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Food insecurity more prevalent in rural areas, major cities
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Food insecurity more prevalent in rural areas, major cities

RICHMOND—More than 860,000 Virginians—many living in rural and urban communities—are experiencing food insecurity and may not know when they will get their next meal.

According to a report by the U.S. Department of Agriculture, 11.1% of U.S. households were food insecure sometime during 2018, with cities and rural areas having the highest rates. In Virginia, 10.1% of households experienced food insecurity between 2016 and 2018.

Households facing food insecurity are those who have difficulty acquiring food for all household members due to lack of money, transportation or other resources.

“Hunger is everywhere,” said Eddie Oliver, executive director of the Federation of Virginia Food Banks. “It really exists in urban, suburban and rural communities, and each area has its own challenges.”

In rural areas, residents live greater distances from food sources, so transportation issues can be a barrier without public transit. In addition, pantries and grocery stores may be fewer and far between, resulting in larger food deserts.

“Folks often live 10 to 20 miles away from pantries or grocery stores, making it a true burden to access fresh, healthy food,” Oliver explained. “Our rural communities have some of our highest rates of food insecurity, especially those in Southwest and Southside Virginia.”

Although rural areas have higher rates of food insecurity, cities have some of the largest numbers of food insecure people due to denser populations. Suburban areas also are affected and have seen some of the greatest increases in poverty rates, which leads to more food insecurity, Oliver added.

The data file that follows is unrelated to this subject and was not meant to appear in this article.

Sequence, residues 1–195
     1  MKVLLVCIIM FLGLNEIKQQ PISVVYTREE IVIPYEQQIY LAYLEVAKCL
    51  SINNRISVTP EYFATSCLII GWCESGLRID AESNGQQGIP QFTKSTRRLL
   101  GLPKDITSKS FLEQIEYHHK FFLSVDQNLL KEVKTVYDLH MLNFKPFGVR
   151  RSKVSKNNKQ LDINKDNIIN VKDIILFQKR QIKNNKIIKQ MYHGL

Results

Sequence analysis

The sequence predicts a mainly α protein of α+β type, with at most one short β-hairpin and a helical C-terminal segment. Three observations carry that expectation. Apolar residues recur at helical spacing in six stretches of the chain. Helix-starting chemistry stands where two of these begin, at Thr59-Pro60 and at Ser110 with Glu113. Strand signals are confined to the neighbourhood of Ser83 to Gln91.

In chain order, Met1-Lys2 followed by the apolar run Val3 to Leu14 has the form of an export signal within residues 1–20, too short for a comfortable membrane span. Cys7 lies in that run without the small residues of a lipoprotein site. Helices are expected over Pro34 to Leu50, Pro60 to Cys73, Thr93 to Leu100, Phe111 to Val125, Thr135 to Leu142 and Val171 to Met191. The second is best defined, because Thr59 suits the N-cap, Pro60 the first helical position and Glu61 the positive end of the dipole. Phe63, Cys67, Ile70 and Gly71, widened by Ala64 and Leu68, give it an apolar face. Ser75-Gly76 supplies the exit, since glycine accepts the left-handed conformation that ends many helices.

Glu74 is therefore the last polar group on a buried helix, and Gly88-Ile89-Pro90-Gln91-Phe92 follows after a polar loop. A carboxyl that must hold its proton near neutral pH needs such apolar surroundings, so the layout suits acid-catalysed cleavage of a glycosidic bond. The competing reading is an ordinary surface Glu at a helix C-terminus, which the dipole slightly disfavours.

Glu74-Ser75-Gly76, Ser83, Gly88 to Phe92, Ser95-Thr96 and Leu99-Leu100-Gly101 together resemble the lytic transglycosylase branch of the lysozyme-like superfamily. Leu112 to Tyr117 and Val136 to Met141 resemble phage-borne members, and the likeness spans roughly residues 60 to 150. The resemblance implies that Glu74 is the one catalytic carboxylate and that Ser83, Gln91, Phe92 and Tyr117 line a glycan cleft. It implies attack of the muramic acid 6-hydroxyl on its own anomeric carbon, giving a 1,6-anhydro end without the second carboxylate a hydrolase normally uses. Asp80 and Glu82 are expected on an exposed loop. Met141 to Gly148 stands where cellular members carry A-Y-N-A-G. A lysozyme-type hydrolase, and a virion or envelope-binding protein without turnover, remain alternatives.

To help alleviate hunger in rural communities, food banks have employed several outreach efforts, including mobile food pantries. These deliver a variety of food to as many as 300 households at a time.

“All seven of our member food banks offer mobile pantry programs in some capacity,” Oliver said. “We can load up trucks with thousands of pounds of fresh produce, frozen meat and shelf-stable items and deliver them to areas that may have very few resources for food-insecure families.”

To better support rural communities, the Federation of Virginia Food Banks is working with partners in the agriculture sector, like Virginia Farm Bureau Federation, to build connections with farmers who may have excess produce to donate.

“Our members and organization support food banks and pantries with food and monetary donations throughout the year,” said Tony Banks, VFBF senior assistant director of agriculture, development and innovation. “Farm Bureau works with the Federation of Virginia Food Banks and others through promotion and legislation to support and encourage farm-fresh food donations.”

Media: Contact Oliver at 804-549-5675 or Banks at 804-290-1114.

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